Beware of Scams That Take Advantage of Japan's Tragedy

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10 Common Spam Scams

Identify and protect users from 10 common e-mail scams.

I'm a night owl, so I was awake and watching TV when the breaking news of the Japan earthquake came in. Then I watched in horror as the tsunami waters rushed across farmland, washing away everything in its path. This morning, as my friends awoke to the news, I saw many Facebook and Twitter status updates about trying to reach the Red Cross or wondering how to help the victims and survivors. There has been a heartening outpour of goodwill already.


That goodwill is exactly what the bad guys are expecting. Within hours of the earthquake, the Internet Storm Center posted a warning to expect spam and malware that will prey on people looking for information on how to donate. As the Threat Post blog reported:

Jumping on major and breaking news stories is a tried and true method to trick unsuspecting, curious or concerned Internet users into opening malicious attachments or clicking malicious links they might otherwise avoid. Scammers have become adept at using search engine optimization (SEO) strategies to place scam Web pages high in the search results of major search engines like Google, though the company has recently made changes to its search algorithm that weed out bogus pages and other kinds of low-value Web sites generated by so-called "content farms."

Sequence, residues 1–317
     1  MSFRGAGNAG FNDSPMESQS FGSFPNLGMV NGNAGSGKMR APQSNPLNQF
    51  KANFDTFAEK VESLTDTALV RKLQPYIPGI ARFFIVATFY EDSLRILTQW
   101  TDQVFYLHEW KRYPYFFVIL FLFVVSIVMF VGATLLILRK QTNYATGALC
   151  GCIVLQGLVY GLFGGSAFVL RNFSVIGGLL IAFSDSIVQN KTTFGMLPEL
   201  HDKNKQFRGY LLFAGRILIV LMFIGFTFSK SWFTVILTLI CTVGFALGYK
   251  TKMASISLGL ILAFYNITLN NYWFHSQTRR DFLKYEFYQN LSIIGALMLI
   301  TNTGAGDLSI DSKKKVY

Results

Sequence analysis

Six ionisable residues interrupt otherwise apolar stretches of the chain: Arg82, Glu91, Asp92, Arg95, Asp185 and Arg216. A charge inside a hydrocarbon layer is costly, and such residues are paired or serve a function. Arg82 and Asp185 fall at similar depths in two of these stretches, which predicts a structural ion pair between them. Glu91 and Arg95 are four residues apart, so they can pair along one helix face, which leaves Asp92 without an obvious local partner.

Using tragedy for financial or otherwise evil gain is something we have to automatically expect these days. If it is a major news story, the bad guys will find some way to capitalize on it and take advantage of sympathetic but unsuspecting folks just trying to do their part to help. The bad guys will load websites with SEO to rise to the top of searches, as well as send out e-mails that spoof well-known agencies. To avoid being scammed by a criminal, the Internet Storm Center also posted this reminder:

If possible, donate to organizations you know and trust, not to new organizations just set up for this particular event. The IRS maintains a list of tax exempt charitable organizations. This list is not 100% up to date, and it takes a while for a new organization to be added. But it can serve as a first sanity check.